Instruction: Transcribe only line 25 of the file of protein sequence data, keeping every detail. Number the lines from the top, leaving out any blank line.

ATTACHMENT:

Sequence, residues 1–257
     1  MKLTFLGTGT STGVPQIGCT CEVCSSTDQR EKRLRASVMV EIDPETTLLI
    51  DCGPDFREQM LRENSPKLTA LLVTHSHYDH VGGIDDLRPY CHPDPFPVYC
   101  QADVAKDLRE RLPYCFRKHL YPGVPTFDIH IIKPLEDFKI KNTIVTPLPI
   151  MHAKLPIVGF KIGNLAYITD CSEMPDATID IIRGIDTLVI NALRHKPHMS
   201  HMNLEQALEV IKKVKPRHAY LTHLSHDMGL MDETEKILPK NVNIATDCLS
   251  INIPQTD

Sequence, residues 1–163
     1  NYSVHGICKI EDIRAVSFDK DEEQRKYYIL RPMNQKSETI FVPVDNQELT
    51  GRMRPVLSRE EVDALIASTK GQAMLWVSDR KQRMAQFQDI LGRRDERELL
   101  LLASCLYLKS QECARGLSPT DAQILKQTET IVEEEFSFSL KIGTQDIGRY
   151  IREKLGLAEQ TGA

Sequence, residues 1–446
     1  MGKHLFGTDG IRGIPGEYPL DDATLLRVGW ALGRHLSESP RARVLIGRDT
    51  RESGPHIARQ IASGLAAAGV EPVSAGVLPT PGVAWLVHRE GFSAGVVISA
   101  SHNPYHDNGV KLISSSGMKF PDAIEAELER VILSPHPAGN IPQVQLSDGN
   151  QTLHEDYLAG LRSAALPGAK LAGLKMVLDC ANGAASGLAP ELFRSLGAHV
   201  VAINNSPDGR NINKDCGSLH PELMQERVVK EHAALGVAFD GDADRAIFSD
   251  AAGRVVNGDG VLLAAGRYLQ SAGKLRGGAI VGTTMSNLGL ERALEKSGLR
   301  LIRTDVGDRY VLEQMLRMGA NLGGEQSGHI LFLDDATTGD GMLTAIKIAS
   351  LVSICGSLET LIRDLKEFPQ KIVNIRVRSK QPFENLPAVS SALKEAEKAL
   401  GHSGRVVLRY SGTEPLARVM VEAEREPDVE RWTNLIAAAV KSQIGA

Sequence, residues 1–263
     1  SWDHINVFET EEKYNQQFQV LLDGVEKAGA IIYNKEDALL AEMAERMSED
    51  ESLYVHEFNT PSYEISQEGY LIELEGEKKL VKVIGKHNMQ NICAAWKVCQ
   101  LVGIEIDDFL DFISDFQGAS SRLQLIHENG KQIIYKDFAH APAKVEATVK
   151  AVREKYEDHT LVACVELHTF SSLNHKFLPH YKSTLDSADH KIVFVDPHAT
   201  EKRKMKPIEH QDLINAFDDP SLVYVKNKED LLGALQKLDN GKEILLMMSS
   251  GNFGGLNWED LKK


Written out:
    51  ESLYVHEFNT PSYEISQEGY LIELEGEKKL VKVIGKHNMQ NICAAWKVCQ